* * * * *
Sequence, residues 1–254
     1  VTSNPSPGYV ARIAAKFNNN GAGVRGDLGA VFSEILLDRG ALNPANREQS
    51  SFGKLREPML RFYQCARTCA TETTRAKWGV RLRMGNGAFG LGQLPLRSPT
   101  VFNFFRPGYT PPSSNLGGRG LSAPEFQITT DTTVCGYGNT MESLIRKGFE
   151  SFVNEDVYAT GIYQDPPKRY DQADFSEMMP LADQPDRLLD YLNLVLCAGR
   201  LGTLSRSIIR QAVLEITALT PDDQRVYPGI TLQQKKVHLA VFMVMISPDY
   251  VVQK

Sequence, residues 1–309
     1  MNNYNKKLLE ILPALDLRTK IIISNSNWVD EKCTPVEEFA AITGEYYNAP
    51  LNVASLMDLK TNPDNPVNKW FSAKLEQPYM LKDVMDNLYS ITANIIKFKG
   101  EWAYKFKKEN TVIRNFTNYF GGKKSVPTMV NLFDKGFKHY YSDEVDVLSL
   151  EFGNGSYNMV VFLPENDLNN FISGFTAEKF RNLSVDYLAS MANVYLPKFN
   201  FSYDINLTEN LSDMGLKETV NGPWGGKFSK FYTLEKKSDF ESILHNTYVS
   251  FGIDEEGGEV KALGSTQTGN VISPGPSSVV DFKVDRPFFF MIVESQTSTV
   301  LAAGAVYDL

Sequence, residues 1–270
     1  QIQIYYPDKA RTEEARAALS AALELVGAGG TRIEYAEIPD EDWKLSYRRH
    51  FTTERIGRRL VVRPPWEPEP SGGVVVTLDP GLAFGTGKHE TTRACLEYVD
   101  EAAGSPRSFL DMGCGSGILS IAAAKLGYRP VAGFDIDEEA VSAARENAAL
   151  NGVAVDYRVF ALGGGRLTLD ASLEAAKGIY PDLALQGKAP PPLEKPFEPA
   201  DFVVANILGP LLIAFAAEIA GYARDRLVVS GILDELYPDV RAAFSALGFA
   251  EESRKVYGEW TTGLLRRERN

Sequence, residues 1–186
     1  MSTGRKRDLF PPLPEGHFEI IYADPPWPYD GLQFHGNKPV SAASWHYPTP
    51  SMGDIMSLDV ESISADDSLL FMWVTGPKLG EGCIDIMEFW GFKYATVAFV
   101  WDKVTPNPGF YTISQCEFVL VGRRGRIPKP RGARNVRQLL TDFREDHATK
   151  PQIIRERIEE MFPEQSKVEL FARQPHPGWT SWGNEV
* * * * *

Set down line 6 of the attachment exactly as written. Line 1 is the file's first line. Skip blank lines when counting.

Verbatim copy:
   201  LGTLSRSIIR QAVLEITALT PDDQRVYPGI TLQQKKVHLA VFMVMISPDY